When I was about six years old, my idea of geeky fun was to hide out in the dank basement of our family's house on Abbott Street, in Springfield, MA. There, I'd take apart old clocks, yank the vacuum tubes from ancient radios, and play jungle explorer with my father's night-watch kerosene lantern from his days defending Panama from WWII Japanese subs that never came.
But, my favorite activity was playing with an greasy, heavy wrought iron monkey wrench. I was fascinated by its heft in my little hands, and the simple dexterous motion of the thumbscrew that coiled and uncoiled to adjust the vice atop its hand grip. That it had only two moving parts was aesthetically pleasing to the arts and tech-inclined nerd that I was to grow up to be.
But, why was it called a monkey wrench? It didn't look like a monkey. Even my young mind knew that arboreal, knuckle walking social primates had no fittings nor pipes to tighten. My all-knowing dad had not a clue to the moniker's origin, either. I soon moved on to other questions, and left this matter behind to ponder and execute the design of futuristic model cites out of balsa wood cubes and some copper pipes, plastic safety razor holders, Instamatic Flash Cubes recovered from the trash. It was now four years later, 1964, and I'd just seen the NYC hosted World's Fair. The future was inhabiting my thoughts; a future where turbine powered cars would run on grain alcohol and people would make phone calls with video.
Some two decades later, however, I was looking toward the other end of history, rummaging through the fabulous Johnson's Used Book Store. This place is a lost treasure to the decay of downtown Springfield. It is so gone that it leaves not even a trace in the digital aether on Google nor Wikipedia. In any case, on one sunny afternoon, I somehow found the mouldering scent of old periodicals more enticing than the scent of spring blossoms and fetching young ladies, and I browsed the racks of tattered periodicals. There, I stumbled upon a magazine whose name I have long forgotten. Within it, though, was an article about the origin of the term monkey wrench. Shazzam! My inner six year old got his long delayed prize.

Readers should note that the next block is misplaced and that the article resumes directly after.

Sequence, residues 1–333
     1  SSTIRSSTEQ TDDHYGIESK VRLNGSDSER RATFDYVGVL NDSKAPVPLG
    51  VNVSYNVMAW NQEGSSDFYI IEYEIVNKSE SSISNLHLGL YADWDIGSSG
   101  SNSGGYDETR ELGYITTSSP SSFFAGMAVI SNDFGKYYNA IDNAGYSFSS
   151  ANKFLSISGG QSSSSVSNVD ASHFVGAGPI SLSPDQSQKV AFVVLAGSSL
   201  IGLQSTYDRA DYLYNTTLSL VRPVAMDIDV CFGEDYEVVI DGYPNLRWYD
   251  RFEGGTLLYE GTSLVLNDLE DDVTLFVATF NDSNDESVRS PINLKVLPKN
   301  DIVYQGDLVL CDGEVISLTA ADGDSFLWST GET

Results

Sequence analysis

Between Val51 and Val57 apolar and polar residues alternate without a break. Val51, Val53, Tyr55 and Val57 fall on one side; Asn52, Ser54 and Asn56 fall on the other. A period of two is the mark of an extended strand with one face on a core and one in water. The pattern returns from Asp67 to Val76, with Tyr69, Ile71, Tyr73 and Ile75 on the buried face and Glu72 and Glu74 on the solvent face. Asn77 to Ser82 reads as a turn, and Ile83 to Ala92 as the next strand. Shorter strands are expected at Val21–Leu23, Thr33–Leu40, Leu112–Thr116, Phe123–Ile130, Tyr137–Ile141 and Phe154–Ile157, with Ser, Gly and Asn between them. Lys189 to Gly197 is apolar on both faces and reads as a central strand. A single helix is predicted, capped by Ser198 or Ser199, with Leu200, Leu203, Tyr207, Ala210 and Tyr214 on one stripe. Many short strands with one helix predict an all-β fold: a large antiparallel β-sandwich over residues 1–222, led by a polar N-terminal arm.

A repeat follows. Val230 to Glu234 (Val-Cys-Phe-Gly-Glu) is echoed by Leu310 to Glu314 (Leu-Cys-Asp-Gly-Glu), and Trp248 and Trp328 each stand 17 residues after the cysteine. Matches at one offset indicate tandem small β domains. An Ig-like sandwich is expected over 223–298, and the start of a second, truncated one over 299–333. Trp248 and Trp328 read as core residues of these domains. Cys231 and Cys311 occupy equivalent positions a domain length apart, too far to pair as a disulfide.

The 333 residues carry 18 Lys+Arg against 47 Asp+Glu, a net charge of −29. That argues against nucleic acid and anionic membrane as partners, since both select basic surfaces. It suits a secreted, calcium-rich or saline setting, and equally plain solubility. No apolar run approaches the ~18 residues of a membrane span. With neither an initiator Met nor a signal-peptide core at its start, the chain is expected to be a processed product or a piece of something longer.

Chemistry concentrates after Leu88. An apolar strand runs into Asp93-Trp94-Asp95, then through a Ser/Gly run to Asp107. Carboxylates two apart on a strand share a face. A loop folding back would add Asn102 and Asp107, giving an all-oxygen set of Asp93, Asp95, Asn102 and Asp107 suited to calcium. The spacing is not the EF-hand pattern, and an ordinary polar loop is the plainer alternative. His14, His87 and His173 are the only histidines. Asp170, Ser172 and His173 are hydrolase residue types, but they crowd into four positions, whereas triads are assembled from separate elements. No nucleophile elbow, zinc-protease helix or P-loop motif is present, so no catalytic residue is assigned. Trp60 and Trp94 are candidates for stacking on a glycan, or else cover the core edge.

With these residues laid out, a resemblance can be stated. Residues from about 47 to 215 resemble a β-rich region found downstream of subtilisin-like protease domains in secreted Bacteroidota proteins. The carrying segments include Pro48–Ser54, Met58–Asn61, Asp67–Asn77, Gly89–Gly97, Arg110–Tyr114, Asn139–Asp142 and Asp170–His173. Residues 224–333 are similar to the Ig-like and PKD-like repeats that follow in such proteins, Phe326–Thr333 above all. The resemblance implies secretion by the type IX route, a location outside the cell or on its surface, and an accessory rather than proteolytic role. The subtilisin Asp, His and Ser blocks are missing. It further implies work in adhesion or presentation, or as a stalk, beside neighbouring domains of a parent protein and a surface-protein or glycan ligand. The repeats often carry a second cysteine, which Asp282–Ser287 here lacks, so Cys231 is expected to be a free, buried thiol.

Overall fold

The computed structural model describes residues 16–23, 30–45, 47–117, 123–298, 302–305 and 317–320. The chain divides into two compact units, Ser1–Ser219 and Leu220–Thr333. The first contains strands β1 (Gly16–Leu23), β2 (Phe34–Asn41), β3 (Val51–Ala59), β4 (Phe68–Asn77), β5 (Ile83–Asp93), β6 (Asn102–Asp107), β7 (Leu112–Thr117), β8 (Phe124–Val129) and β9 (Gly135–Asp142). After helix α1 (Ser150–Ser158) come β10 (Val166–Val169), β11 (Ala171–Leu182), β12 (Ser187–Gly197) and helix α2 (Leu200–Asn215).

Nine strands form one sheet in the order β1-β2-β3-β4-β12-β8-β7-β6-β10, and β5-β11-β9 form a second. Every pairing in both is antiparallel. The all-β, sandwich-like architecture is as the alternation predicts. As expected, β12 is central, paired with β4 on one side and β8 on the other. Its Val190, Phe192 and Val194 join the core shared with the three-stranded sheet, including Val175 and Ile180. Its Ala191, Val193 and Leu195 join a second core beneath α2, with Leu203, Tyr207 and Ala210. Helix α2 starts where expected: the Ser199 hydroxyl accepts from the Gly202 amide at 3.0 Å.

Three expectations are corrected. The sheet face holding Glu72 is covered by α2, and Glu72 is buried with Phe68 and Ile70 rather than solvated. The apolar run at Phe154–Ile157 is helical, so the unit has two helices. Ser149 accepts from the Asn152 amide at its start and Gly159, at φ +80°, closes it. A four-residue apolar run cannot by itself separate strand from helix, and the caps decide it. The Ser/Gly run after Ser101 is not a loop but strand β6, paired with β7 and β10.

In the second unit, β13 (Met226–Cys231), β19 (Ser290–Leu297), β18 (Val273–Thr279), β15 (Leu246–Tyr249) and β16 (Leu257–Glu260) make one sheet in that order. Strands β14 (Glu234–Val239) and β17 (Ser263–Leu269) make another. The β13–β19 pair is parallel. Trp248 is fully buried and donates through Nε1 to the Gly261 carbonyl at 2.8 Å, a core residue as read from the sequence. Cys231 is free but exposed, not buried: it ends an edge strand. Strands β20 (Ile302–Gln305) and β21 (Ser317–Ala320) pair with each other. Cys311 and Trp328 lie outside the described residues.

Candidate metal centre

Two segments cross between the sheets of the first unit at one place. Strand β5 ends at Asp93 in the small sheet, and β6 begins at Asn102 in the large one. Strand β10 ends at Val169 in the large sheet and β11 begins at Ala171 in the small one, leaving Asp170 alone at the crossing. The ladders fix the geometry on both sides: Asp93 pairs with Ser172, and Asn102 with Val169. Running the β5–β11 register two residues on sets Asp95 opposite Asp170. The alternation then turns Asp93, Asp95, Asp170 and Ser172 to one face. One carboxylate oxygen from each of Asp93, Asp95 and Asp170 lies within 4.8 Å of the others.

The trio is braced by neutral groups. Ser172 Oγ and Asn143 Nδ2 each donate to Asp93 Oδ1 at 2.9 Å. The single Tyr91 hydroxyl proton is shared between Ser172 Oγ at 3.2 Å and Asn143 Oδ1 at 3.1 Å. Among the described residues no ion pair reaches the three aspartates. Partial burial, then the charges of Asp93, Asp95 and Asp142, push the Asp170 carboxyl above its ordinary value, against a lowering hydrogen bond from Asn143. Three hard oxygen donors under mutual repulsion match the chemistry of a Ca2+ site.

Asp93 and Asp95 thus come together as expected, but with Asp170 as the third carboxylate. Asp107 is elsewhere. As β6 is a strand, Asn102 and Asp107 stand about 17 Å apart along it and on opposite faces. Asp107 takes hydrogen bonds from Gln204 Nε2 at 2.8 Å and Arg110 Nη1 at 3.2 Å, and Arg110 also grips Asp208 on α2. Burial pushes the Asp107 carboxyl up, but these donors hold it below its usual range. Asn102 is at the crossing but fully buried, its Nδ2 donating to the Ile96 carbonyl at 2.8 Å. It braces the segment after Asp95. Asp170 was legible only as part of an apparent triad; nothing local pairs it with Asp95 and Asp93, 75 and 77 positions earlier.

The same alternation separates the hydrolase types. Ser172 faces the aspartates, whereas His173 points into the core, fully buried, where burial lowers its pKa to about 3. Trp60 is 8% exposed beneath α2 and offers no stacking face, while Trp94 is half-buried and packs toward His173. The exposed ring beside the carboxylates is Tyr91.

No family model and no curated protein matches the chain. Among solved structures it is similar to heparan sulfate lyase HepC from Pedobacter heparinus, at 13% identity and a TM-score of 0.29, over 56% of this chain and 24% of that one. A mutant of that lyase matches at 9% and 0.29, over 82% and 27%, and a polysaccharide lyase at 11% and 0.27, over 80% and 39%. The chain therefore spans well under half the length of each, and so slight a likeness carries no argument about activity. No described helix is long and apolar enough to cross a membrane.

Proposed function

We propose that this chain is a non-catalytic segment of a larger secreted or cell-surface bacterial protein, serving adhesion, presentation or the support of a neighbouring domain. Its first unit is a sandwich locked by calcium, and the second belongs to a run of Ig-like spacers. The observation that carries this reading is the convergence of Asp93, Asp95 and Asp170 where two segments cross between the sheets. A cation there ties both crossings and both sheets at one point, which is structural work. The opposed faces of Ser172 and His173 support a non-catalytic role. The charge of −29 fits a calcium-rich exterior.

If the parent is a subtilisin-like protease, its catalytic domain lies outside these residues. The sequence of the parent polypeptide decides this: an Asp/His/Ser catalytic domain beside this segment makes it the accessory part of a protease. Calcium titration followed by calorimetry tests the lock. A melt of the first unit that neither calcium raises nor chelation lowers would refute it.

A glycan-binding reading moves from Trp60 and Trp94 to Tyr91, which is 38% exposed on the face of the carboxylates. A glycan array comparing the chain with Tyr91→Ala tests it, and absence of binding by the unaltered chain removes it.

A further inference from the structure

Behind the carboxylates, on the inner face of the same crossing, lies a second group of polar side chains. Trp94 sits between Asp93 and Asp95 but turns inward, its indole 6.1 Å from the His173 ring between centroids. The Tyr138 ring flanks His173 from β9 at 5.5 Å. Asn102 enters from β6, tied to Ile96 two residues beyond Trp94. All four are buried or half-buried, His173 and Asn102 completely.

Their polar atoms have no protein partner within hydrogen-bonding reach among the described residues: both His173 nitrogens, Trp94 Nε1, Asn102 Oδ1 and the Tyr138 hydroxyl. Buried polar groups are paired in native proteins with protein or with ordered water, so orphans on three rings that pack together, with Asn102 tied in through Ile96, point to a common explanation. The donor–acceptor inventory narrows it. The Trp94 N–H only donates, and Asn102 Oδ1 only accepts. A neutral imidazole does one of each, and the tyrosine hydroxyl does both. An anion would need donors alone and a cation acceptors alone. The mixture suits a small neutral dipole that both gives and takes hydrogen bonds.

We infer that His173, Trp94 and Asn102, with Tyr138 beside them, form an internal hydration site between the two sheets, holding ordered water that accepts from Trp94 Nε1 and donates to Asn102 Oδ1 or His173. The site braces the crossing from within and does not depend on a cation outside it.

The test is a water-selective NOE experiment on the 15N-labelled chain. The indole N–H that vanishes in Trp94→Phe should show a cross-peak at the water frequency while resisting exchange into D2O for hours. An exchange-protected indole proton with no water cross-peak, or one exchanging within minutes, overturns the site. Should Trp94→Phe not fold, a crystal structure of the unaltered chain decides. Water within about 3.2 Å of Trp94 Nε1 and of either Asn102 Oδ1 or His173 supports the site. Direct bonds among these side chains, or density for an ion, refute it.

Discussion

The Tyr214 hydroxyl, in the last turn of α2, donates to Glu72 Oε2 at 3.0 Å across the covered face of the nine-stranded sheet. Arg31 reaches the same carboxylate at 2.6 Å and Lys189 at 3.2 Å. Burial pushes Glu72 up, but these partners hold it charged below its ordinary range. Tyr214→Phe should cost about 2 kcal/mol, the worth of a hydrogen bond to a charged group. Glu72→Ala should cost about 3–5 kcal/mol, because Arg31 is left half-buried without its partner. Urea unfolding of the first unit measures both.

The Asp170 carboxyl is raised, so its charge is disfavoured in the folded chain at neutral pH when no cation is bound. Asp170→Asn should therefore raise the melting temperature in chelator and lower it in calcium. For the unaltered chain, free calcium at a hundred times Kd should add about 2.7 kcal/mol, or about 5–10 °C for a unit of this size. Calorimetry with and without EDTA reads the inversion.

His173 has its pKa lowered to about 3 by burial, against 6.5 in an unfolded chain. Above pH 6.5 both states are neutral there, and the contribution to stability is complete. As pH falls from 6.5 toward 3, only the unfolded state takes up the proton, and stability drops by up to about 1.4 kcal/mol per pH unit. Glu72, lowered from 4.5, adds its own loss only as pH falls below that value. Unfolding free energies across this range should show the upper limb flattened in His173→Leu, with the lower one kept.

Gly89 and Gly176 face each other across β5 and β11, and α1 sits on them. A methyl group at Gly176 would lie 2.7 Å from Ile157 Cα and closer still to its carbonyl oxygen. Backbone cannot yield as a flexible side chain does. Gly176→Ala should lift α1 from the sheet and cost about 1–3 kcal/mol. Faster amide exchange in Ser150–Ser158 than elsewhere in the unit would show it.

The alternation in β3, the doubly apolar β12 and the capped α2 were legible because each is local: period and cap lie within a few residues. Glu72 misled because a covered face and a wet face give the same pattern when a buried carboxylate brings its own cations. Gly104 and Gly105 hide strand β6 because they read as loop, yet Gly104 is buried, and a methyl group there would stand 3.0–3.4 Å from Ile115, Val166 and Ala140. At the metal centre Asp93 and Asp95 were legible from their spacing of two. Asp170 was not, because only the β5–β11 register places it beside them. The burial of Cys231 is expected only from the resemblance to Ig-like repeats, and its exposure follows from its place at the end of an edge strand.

Although most tech and tool nerds believe that a British guy named Moncky (see the link above illustration below), was the fellow that patented an adjustable wrench in 1858 and gave his name to the tool, the fact is Lexicographers have the found the term monkey wrench dating back to at least 1840. Connecting the dots, the path to the tool's name comes to an origin in the hands of an iron miller named Monk who had grown tired of lugging around his heavy tool box full of fix sized wrenches. He worked in a small metal fab plant in Springfield on the bend where Mill Street meets southern Main Street. The mill was then owned by Bemis and Call Company, and they proceeded to produce Monk's innovative gripper/twister/puller and plumbers helper. That place on the corner still stands today, by the way. It's now a furniture and home decorating shop for the affluent.
Whatever, some day a future father will be cranky as he goes down to the basement to bang on the fittings of the home's aging thin-film photovoltaic powered sodium/water heating system and hand a wrench to a kid that will become fascinated with supple, useful, adjustable tech.
Keep and eye to the future, and an ear to the past…